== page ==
The one sure method to bring you peace of mind

Do you find your thoughts sometimes racing away and you struggle to keep up. Do you ever feel you need a holiday from your own brain?


“To think too much is a disease”

Fyodor Dostoyevsky


It is true, when we think too much we feel dis-ease. Because when we think we are either reliving the past or fantasising about the future. While fantasising may sound nice, what we most often do is worry about events that haven’t even happened. I had a psychotherapist once say to me “don’t have a conversation with somebody who isn’t in the room”.


And, if we aren’t aware of the kinds of thoughts we are having they can have long term effects on our health (good or bad), and we don’t even know we are doing this to ourselves. In Psychology Today they talk about the link between our negative thoughts and our mental well being.


Our brains have about 100 trillion synapses. Synapses are the point at which the brain transmits or passes a signal from one part of the brain to another. The more often we think about one thing the stronger we make that connection in the brain. This is how habits form, including the habit of thinking (mostly negative) thoughts.


Research by the Basque Centre on Cognition confirmed that the brain activity of two people conversing would synchronise which creating links between the two people. What we think about impacts the chemistry and function of our brain. The researches found the outside verbal communication impacts the brain.


So, we can see there is a lot going on in our brains at all times. I even found out that our brains are more active while we sleep than when we are awake. So what hope do we have to stop it?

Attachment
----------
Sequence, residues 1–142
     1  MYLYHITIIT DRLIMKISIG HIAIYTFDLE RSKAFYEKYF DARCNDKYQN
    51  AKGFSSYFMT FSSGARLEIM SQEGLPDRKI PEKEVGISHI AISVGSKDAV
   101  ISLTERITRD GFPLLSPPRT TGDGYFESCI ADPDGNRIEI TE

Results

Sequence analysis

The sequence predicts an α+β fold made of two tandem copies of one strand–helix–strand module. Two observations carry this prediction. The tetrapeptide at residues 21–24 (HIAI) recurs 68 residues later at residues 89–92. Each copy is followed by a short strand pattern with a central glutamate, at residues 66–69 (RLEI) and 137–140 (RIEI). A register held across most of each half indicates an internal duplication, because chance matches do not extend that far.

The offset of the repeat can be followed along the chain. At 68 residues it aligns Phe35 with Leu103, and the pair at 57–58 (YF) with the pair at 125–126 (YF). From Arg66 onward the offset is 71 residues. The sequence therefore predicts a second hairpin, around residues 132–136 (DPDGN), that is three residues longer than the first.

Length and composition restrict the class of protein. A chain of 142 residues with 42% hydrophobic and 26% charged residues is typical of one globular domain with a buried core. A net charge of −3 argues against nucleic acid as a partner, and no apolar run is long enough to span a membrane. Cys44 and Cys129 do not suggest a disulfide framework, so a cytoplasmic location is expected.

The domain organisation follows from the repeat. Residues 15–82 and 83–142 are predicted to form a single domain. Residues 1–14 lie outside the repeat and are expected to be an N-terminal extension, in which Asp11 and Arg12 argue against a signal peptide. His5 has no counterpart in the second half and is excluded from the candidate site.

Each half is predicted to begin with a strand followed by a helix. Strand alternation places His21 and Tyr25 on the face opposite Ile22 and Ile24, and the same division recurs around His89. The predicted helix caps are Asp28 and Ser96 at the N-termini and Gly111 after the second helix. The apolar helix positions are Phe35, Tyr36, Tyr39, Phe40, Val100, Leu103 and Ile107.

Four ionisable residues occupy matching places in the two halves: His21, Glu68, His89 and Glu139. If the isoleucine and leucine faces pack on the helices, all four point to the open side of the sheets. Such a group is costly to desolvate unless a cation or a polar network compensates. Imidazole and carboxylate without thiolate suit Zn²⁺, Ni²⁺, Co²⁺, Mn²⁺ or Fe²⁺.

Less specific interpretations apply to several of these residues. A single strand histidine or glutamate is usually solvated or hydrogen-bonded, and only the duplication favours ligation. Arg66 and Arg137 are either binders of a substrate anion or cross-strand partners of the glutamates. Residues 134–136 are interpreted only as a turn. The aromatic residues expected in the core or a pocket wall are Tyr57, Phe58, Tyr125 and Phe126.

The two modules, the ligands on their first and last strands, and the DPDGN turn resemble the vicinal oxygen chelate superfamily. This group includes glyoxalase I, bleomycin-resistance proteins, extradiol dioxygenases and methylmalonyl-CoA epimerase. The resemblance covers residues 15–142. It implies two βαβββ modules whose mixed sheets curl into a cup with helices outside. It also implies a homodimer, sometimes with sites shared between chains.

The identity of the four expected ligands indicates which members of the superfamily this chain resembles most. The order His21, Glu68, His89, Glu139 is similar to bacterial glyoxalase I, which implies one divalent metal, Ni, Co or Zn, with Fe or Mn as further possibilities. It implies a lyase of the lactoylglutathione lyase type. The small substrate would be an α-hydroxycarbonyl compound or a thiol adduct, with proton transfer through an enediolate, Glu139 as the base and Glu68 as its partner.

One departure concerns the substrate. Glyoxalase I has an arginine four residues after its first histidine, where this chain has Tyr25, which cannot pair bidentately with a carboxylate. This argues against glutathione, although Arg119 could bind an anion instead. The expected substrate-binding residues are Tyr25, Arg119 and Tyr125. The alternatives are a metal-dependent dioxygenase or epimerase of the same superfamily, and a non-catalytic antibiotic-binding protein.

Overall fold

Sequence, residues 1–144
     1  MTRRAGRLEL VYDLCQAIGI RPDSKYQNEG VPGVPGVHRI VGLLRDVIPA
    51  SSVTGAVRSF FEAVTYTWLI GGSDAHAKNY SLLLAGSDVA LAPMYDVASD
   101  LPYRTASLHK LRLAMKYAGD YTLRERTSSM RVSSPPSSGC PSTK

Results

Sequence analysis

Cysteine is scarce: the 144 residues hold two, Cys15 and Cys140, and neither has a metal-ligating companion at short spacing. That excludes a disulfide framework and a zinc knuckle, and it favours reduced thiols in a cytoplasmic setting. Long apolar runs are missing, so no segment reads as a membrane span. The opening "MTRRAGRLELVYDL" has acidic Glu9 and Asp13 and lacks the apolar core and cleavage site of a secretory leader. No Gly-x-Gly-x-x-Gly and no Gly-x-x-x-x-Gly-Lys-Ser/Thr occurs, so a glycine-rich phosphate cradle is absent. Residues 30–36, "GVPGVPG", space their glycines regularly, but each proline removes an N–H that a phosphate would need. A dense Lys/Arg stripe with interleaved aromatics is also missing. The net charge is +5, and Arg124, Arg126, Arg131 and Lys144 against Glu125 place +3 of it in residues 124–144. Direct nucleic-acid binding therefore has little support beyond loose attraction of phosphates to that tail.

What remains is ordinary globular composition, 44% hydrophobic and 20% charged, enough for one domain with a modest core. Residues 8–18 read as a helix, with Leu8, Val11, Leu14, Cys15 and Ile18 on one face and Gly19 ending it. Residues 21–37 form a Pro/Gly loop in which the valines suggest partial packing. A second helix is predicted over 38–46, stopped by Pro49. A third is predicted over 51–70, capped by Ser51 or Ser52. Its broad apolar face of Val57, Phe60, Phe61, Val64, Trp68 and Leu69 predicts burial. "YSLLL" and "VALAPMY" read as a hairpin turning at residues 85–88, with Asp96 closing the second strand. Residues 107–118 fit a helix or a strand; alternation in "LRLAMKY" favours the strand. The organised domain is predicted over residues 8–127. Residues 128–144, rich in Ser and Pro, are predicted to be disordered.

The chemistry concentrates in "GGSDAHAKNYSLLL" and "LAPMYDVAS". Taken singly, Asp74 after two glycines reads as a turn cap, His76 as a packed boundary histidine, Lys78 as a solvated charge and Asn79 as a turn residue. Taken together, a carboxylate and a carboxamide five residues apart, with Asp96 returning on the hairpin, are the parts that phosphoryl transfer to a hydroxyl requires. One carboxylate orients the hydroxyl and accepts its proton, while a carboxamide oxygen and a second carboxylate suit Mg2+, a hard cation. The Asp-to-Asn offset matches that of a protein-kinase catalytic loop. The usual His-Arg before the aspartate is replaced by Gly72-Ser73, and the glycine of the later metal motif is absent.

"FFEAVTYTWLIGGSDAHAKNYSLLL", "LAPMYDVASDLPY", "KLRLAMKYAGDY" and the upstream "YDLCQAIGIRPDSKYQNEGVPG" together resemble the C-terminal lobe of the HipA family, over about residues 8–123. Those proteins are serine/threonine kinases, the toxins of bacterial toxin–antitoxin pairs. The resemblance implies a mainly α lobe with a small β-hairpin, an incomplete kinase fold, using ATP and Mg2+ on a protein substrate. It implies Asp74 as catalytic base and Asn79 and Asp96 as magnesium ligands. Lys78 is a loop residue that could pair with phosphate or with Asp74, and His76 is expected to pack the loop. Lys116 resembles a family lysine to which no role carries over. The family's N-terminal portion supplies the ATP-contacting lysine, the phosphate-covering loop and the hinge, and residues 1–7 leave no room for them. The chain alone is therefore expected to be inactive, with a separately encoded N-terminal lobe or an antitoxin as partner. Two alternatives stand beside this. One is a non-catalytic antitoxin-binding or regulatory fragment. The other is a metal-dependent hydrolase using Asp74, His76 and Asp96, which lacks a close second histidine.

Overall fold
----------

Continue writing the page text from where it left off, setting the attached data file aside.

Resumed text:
The key is not to stop our thoughts but to marshal our thoughts.


The one sure method to marshal our thoughts is to go inside of ourselves. Now that may sound a bit woo woo so let me explain it.


When you find yourself with a mind that is racing away, and quite often these thoughts are negative. All you need to do is to notice your thoughts. The conversation in your head may go like this:


I can see that my mind is really racing on this matter?

I wonder where I feel that?

What is this brining up for me (fear, sadness, anger)?

How can I look at this differently?


Keep asking yourself questions about what is going on until you sense a shift from racing mind to peace.


This doesn’t mean you agree with something that is wrong or to lessen the enjoyment of something you are looking forward to, it just brings you back to the present and that is where your true power lies. It is only in the present moment that we can take any action and it is also where we find peace.


“Live life in the slow lane”

Haemin Sunim, Buddhist monk


If that option isn’t your favourite there is a backup option. Bring your awareness from your thoughts to your physical body. Walk yourself through the process of feeling the floor beneath your feet, the smell of the air, the sounds in the distance and the physical details of something you see near you, like a tree, a wall, a bench or a road. Keep your awareness there until your mind subsides and peace returns.


If you don’t find this easy to do at first, remember, everything gets better with practice. Do this on a daily basis each time you catch yourself with racing thoughts and soon you will experience greater and greater lengths of peace of mind.


If you would like to stay in the loop for other tips and guidance connect now so that you don’t miss other tips that may be right for you.


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